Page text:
Does patience pay off?
J2EE, .NET, portals, WCM, Web services, EAI and PKI are among those technologies that can bring added value when it comes to optimizing and streamlining information systems. But while media hype pushes customers to adopt these technologies, practical experience suggests that experimenting or just plain waiting may be the best approach.
J2EE - mature and open, but still suffering from persistence worries...
The J2EE standard offers many advantages, such as its openness, maturity, durability and multiple platform support. J2EE benefits from many reliable, robust implementations in the open source world, which have enabled numerous enterprises to launch pilot projects or even stage major projects without having to invest in an application server platform. Indeed, J2EE has definitively proved its worth as regards major, complex projects.
However, J2EE still suffers from two major drawbacks, as prevarications in the field of persistence undermine the EJB component model: the complexity of the EJB model and the lack of portability.
The J2EE application server market is shared by IBM (with a 30% share), BEA (25%), Oracle (12%), Sun (8%), with the remaining 25% held by various other application servers.
The general trend is for application servers to become a simple commodity. Vendors such as IBM, BEA, Oracle and Sun are all touting more or less complete, horizontal solutions (workflow, portal, EAI, WCM, SSO, PKI, directory, mobility, collaboration, Web services, administration, business intelligence...) which of course only work on their own application servers.
.NET - J2EE's well-placed rival
.NET has imposed itself as the de facto alternative to J2EE. When it appeared, .NET did not really display any weak points, managing swiftly to impose itself and gain credibility. The platform (framework, CLR, etc.) already appeared robust and effective in its very first version, Visual Studio. .NET has shown itself to be a formidable weapon, and enables high levels of productivity to be achieved, comparable to those obtained with client/server environments such as PowerBuilder or Delphi, while implementation of Web services is a fully assisted, automated process.
However, .NET is not revolutionizing transactional architectures. It remains a proprietary platform that only runs in Windows. There is no .NET platform that operates as open-source, apart from the go-mono project which is not yet complete, and several initiatives to port various classes of the .NET framework.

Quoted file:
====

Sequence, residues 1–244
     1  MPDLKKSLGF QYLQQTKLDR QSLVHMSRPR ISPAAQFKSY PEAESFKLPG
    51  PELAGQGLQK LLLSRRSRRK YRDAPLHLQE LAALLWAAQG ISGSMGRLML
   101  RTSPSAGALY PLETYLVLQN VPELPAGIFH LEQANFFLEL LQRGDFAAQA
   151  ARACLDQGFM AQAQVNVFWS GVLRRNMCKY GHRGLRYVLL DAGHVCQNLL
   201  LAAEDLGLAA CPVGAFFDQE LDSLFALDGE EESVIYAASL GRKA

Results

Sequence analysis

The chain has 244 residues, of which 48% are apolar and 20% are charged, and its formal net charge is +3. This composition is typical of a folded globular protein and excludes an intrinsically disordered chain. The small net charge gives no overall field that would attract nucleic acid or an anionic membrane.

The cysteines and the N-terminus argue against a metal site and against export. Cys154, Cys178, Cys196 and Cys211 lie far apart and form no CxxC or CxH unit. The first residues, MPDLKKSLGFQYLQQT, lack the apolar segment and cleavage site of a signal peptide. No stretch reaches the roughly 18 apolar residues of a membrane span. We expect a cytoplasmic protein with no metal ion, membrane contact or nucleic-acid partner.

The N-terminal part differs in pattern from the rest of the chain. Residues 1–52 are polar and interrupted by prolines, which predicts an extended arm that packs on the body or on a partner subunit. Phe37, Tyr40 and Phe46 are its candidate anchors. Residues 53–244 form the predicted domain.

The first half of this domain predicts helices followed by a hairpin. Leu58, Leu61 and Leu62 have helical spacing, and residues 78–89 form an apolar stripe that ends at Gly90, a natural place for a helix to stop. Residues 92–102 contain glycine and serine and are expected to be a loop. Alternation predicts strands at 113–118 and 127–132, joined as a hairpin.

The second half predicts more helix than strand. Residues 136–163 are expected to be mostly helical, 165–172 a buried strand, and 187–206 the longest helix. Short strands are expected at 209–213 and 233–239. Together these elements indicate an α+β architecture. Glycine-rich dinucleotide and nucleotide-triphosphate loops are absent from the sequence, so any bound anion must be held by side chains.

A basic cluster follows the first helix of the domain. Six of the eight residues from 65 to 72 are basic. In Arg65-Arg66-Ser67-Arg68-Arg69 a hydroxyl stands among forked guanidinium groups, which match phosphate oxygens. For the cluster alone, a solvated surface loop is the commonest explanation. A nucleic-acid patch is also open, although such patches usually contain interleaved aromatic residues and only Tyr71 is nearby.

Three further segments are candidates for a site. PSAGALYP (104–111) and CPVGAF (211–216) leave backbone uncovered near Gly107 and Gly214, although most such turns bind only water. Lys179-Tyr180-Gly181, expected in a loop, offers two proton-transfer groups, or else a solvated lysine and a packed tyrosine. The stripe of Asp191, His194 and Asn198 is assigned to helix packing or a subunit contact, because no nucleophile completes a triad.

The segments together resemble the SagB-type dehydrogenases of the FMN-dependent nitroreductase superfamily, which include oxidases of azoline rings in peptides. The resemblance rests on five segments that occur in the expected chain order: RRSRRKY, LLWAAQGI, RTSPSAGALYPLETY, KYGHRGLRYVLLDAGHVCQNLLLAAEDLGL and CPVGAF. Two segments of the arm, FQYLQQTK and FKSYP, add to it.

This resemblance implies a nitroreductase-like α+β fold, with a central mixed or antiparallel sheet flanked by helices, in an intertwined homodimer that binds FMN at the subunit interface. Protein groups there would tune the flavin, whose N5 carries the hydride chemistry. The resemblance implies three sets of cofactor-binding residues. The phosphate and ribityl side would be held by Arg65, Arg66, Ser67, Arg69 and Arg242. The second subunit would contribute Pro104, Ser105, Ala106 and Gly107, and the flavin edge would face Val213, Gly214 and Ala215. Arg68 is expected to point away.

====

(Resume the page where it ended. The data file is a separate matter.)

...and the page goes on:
Enterprise Information portals: more organizational than technical
The portal question is one that applies, above all, to enterprises that have found themselves with dozens, if not hundreds of intranets over a few years. The general practice is to adopt a horizontal procedure, that involves building all the basic components in a portal (SSO, Portlets, EAI, SSO, WCM, Processes, Administration…). Some existing intranets are ported by setting up pilot projects to test and validate technical, organizational and political choices, and by developing a change management process.
The portal market is in its final, structural phases. Major players such as BEA, IBM and Oracle are winning market share faster than pure players such as Plumtree and Epicentric (which has just been taken over by Vignette). Practical experience shows that a portal project will raise more organizational, cultural and power-related issues than purely technical questions.
Web Content Management, the vital function to deploy and organize
WCM is an omnipresent concern in any intranet, extranet or Internet project, whether it be in the transactional, institutional, knowledge management or publishing field. It is a vital function for an enterprise information portal, as it is linked to communication and change management.
Choosing a single WCM tool and organizing the content publishing and validation process are two essential tasks in any portal project.
The WCM tool market is divided between entry-level and top of the range solutions. The first category includes Vignette, Documentum, Interwoven, Tridion and CMS 2002 while the second features Instranet, Redot and many other free software solutions.
Web services, the new integration middleware that's tipped for the top